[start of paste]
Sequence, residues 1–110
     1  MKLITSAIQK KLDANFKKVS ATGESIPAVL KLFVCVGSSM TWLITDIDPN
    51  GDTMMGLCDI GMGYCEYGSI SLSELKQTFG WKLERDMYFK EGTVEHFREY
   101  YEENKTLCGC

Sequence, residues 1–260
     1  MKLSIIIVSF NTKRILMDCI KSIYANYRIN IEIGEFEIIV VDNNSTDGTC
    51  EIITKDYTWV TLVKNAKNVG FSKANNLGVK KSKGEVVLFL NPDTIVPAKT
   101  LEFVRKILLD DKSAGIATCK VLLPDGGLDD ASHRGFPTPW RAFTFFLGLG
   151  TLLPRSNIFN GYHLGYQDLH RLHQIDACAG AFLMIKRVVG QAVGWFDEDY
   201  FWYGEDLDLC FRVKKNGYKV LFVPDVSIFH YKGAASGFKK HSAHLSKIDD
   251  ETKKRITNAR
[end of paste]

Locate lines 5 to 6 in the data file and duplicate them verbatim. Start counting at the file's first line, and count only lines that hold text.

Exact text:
Sequence, residues 1–260
     1  MKLSIIIVSF NTKRILMDCI KSIYANYRIN IEIGEFEIIV VDNNSTDGTC